5 Ways To Explore Your Creativity In Photography
The following is a sponsored post from Udemy.com
Whenever we take on a new challenge, such as learning about photography, we set out and try to absorb every piece of information available on the topic. The newness of the challenge carries with it a sense of excitement as we peel away layers of mystery and discover more on the topic than we knew existed. Then, eventually, we get to a comfortable level and stagnation settles in. Before we know it, we’re stuck in a rut or burnt out, and our passion fades.
Well then, how do we get back to a place of creative inspiration and keep our passions alive?
The answer lies in learning. After all, it was the initial spark of discovery that lit the fire and ignited this journey in the first place! Today, it’s easier than ever to find online resources to continue your education and re-inspire your creativity. One such resource, Udemy, offers affordable, in-depth courses on a wide range of topics. This article is in itself inspired by these educational materials.
Using courses found on Udemy, we’ve compiled a list of 5 ways to explore creativity in photography:
1. Embrace Negative Space
Within each photograph, there’s a push and pull between positive and negative space. Commonly, photographers think in terms of positive space when deciding how to compose an image. The subject, whether it be a model, a tree, or even a building, typically represents the positive space, and it usually occupies the majority of the image. The background often becomes little more than a setting and rarely factors into the overall composition of the image.
But what happens when we intentionally use negative space to compose our image and draw focus to our subject? Rather than filling our frame with the subject, we can isolate our subjects against the wider backdrop, which does not necessarily have to be empty.
Each of the above images use negative space in a unique way, utilizing the sky, the ground, and layers to build space around the subject(s). When we embrace negative space and allow subjects to exist within the frame without having to compete against a cluster of distractions, new creative opportunities reveal themselves.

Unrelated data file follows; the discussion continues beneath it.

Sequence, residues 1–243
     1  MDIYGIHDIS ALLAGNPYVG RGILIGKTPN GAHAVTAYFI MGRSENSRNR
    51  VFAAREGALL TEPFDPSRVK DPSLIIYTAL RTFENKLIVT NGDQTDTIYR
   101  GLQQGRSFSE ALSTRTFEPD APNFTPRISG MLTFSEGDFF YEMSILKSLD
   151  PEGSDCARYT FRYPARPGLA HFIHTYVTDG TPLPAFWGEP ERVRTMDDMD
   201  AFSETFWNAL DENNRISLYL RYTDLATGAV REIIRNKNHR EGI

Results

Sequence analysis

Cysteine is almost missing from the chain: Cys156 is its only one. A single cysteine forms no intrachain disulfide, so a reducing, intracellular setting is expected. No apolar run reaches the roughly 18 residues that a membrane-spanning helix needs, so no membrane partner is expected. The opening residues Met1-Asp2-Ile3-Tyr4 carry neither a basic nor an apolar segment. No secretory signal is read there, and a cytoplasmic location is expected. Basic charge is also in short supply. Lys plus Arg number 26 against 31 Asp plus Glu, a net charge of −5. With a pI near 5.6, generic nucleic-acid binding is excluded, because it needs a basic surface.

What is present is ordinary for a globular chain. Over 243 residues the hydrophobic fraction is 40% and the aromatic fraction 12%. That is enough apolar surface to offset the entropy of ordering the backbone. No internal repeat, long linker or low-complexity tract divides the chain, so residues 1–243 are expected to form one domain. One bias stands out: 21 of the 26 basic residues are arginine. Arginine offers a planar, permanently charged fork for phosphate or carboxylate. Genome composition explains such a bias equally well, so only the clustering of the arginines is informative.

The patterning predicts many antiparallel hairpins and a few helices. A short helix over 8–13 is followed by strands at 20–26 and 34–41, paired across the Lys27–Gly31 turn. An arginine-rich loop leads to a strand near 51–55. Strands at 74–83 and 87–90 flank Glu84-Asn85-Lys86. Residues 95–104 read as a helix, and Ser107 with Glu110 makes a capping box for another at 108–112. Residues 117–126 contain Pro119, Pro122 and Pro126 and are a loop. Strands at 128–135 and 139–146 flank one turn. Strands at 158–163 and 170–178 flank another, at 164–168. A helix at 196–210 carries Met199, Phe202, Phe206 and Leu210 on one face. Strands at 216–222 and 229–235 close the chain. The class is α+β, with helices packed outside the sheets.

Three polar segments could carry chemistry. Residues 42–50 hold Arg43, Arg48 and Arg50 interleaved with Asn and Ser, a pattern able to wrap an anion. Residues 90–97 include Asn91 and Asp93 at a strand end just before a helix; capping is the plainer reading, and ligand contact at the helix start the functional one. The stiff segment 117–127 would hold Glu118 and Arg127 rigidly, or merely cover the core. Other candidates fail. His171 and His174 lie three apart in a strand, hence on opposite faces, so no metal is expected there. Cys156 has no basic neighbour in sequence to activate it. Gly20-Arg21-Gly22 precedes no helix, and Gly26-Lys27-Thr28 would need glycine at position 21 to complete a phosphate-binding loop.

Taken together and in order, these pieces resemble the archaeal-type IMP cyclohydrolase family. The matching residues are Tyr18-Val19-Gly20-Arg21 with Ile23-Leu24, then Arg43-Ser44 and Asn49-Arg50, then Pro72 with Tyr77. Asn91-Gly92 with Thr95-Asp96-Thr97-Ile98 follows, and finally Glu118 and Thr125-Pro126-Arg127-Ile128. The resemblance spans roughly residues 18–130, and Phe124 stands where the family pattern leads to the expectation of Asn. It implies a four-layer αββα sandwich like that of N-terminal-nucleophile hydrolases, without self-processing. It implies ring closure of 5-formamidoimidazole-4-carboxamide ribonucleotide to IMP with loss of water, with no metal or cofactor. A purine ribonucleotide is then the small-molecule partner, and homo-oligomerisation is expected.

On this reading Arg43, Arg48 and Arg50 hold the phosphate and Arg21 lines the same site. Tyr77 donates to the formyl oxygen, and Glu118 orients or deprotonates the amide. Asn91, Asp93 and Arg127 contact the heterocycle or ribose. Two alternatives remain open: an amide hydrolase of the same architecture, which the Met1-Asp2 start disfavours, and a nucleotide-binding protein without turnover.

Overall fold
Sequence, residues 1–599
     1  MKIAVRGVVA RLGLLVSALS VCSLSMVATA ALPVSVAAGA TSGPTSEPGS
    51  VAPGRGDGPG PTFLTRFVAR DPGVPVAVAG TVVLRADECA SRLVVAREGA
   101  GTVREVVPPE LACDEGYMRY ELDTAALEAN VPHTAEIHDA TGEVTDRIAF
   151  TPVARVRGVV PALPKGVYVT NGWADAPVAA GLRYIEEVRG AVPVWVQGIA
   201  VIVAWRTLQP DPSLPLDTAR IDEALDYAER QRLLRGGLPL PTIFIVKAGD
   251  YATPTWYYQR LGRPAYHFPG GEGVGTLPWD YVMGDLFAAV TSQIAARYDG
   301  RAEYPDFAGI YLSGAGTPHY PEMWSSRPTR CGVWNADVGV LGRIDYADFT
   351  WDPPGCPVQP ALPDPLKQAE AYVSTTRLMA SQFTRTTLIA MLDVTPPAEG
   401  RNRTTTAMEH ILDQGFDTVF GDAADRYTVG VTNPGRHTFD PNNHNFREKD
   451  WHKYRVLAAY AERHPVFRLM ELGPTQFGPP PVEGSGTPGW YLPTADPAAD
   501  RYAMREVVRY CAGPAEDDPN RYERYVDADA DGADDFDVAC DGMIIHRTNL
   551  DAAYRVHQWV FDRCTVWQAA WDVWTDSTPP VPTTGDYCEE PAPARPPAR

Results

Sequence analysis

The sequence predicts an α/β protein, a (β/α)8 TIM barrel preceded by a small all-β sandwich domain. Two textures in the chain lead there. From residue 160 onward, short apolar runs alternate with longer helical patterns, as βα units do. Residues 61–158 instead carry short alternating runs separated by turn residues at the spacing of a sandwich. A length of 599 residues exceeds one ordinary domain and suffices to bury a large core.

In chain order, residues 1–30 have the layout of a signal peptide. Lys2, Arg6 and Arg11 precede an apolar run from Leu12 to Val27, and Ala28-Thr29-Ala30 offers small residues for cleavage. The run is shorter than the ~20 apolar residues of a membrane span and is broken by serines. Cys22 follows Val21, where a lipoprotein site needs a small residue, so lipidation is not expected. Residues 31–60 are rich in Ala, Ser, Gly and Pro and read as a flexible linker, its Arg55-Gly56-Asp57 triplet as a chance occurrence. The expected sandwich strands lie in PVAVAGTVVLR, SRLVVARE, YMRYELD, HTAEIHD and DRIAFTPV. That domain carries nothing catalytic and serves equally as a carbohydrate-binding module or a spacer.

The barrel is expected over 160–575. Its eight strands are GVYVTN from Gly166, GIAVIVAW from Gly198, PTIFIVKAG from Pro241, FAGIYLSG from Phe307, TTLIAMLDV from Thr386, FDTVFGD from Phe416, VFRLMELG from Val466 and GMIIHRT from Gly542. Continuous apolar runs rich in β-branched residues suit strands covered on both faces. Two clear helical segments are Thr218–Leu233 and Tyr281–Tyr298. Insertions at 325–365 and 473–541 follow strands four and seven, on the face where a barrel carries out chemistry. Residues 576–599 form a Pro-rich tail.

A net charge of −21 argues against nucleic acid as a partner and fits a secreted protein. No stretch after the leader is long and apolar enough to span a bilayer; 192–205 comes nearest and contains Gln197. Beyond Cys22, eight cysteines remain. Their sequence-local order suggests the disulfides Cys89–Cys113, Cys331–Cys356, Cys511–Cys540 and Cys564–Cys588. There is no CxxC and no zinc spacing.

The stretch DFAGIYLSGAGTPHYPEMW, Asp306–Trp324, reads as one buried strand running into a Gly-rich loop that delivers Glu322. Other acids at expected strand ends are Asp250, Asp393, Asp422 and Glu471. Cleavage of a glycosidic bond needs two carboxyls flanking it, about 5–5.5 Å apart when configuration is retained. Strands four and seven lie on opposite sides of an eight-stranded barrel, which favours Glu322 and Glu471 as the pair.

2. Color Creatively
The way we use color in our imagery can significantly affect the visual impact of our photos. While the science of color is complex, a basic understanding of color theory can help us creatively manipulate color and influence the tone and style of the images we create.
Some photographers prefer to make distinctive color adjustments during post-production while others like to make it happen in-camera. Regardless of your preference, understanding the dynamics between colors across the color spectrum will allow you to take more creative control over this aspect of your images.
To illustrate the effects of color, consider complementary colors. Complementary colors sit at the opposite ends of the color wheel and create a stark contrast when placed side-by-side; however, even though they are “opposites,” they work well together (see the red flowers and green grass above). This pleasant contrast can also be used to draw attention to a particular color or object when it occupies a small space within the frame (see the blue dress and sign frame against the warm-toned wall above).
Planning to use colors creatively can get complicated (finding a location, color coordinating the wardrobe, etc.), but taking the time to learn basic color theory will add another powerful layer to your images and help you stand out from other photographers. The reward is worthy of the challenge.
3. Let There Be… Less Light
Usually, when we think about lighting our subjects, we think about properly exposing the scene to reveal our subject’s details. Occasionally, however, what we can’t see makes what’s visible more interesting. Such is the case when using a backlight to create a silhouette.